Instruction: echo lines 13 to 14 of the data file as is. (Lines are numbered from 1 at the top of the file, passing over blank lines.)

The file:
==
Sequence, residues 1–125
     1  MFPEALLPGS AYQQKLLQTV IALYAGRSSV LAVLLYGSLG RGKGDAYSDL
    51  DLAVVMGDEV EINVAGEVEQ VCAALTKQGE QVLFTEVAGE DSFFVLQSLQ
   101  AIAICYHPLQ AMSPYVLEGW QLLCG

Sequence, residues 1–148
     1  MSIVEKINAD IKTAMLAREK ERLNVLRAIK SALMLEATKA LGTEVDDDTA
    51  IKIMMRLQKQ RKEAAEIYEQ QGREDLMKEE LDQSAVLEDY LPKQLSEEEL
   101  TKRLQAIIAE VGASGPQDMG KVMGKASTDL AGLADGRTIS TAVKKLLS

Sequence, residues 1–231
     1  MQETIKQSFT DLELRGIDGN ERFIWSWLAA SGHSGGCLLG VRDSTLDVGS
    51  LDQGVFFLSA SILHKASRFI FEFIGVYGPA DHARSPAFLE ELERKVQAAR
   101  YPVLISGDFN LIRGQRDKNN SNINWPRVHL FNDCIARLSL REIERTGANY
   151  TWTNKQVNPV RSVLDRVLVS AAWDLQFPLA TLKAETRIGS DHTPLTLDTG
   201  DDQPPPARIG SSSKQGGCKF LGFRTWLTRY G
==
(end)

   151  TWTNKQVNPV RSVLDRVLVS AAWDLQFPLA TLKAETRIGS DHTPLTLDTG
   201  DDQPPPARIG SSSKQGGCKF LGFRTWLTRY G